I quickly shared with him that I am acutely aware of my developmental scarring and my rationale behind most choices I make.  I said this because I knew he was about to start asking pointed questions about my childhood, schooling, socialization, early work years, and current work environment. It felt odd to go from the type of lunch meeting I typically have where it’s a two-way dialogue to one that was entirely focused on me being vulnerable about myself and past experiences.

I won’t share here all of the details of what he uncovered, in part because I don’t want to steal his genius that will ultimately become a book, as well as that I don’t feel it necessary to share all of that here.  That being said, there were a couple items that he shared that stood out to me.

The first of note was that he identified that a motivator behind each of my businesses is giving back. He pointed out that I came from a supported background and that whether it’s my payments company that I continue to grow out of motivation to help business owners save money, my networking organization in which I’m driven to make valuable connections for others, or my financial literacy books for kids that aims to help kids have a stronger financial future.  Candidly, this caught me completely by surprise. I recognized from my narrative to him that I said those things, but I was caught off-guard because I’ve never characterized myself as someone who is motivated by helping others. I actually tend to admire people whom I’d define in that way, and out of no place of humility whatsoever, I simply never self-identified in that way.  It was eye-opening to hear someone hear the synopsis of my life story and evaluate that this is my motivation.

He also pointed out to me that I operate my primary business out of a place of security and rule-following.  He challenged me to identify when/where I’d be able to reallocate some/all of my time and energy into the other ones that tap into my “why” more purely.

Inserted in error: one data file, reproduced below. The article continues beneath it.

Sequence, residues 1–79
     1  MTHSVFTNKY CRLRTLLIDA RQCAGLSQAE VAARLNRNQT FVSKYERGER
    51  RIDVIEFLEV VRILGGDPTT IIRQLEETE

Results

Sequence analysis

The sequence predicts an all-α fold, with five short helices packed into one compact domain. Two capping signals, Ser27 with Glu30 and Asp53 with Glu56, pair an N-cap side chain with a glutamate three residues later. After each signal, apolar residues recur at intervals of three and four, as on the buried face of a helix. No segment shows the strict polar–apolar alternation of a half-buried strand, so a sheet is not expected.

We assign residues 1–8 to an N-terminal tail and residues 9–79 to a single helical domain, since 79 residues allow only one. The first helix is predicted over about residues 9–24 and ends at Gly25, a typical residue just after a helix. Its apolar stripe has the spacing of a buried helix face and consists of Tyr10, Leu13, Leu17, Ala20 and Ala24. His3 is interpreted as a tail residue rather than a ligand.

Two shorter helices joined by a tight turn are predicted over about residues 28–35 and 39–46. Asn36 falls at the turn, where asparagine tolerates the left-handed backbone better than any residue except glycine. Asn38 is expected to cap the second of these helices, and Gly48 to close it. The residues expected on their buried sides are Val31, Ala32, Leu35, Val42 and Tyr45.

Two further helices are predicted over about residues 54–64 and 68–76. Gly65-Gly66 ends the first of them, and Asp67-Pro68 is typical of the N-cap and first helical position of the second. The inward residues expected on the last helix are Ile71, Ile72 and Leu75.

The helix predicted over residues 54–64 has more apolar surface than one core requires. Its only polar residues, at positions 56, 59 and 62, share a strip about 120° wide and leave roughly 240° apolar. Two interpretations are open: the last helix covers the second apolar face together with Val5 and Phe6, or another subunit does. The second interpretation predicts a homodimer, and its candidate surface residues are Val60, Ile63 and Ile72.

It’s tough to open up like this to anyone. It’s also tough to hear feedback about yourself that one part surprises you, one part resonates with what you know to be true,  and in last part touches on doubts, questions and/or concerns with which you’ve already been wrestling.  I’m planning to spend some time further thinking through the “why” and other points he shared with me. Some times you just need a little kick-in-the-pants from an outsider to help you see the spot on which you’re standing.

Read More


I read a pertinent quote on a recent trip to Nicaragua that said “Travel: the only thing you buy that makes you richer.” I was perched on a chair in my 3-story thatched hut, looking out into the jungle through the “walls” to the room which were entirely made of sliding screens, and listening to the howler monkeys.  It was one of those moments when you know you’re in the right place at the right time.

I traveled to Nicaragua seeking rest, peace of mind, time to turn off the day-to-day stress, tune into myself, and certainly to find a little fun.  After a 2.5 hour drive from the only airport in the country into a remote surf village up many dirt hills, I knew I’d come to the right place.

While only there for 5 days, it was a full trip and exactly the amount of time I needed to get away.  Each morning was spent in an open-air hut with a meditation practice led by one of the most gifted teachers I’ve ever met.  The ocean breeze would blow through at precisely the moments of greatest challenge as well as the ones of great stillness.